As Donald Trump moves closer to the Republican nomination, his public presentation becomes increasingly deranged, as with this notorious item from last night (as discussed by Emma Green here):
Barring the unforeseen, one of the five people now running will become Commander in Chief next year, and most likely one of these two: Hillary Clinton or Donald Trump. With that in mind, and before I need to go offline for several days on a different project, here is one more installment from readers on the candidates and the choice.
1) Trump at the WaPo. I mentioned yesterday that if the idea of “being qualified” still applied to presidential candidates, the hour Trump spent with the Washington Post’s editorial board would have instantly and conclusively disqualified him. He displayed real understanding of no topics, and gross mis-understanding of many. He shunted all answers back to the two themes he can discuss: how he is a winner relative to losers like low-energy Jeb and Little Marco; and how big his hands are. If you think I’m exaggerating, read it for yourself. Trump used to be amusing, in a pro-wrestling way. Now he is manifestly not-normal, in an ominous way.
Why bring this up? A reader who works in the defense industry emphasizes one particular mismatch of Trump’s views and the realities of foreign policy:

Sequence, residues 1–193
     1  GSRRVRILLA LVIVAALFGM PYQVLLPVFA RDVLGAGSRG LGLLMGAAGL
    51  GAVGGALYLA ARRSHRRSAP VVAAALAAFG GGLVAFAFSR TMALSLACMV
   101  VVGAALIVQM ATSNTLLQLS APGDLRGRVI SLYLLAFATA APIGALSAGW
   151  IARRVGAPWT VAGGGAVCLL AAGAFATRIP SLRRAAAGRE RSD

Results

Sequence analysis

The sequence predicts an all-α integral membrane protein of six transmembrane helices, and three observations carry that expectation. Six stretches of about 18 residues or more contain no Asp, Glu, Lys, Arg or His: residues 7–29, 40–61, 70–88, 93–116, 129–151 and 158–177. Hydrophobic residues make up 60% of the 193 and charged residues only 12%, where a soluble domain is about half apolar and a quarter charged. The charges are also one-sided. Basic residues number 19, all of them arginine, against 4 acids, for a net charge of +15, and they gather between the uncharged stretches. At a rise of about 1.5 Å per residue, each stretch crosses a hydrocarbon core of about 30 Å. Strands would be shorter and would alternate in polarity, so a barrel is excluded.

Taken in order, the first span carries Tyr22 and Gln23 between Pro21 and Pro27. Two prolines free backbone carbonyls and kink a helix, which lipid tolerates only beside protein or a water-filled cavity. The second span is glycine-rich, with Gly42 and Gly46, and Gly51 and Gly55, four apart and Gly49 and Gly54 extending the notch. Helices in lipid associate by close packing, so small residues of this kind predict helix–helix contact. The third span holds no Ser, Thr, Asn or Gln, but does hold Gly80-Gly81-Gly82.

At the Post, Trump said, amongst other things:
“I think John Kerry’s deal with Iran is one of the worst things that I’ve ever seen negotiated of any kind. It’s just a horrible giveaway...Well, I think, number one, we shouldn’t have given the money back. I think, number two, we should have had our prisoners before the negotiations started. We should have doubled up the sanctions.…. And I think it’s going to just lead, actually, to nuclear problems. I also think it’s going to be bad for Israel. It’s a very bad deal for Israel.”
Where to start?
First of all, we didn't "give" any money to Iran. Other countries had been holding Iran's money, at our request, while negotiations were on going.
Secondly, what evidence is there that the other P5+1 members would go along with doubling sanctions? It was hard enough to get China and Russia on board with sanctions to begin with. And what evidence is there that Iran would capitulate in the face of increased sanctions?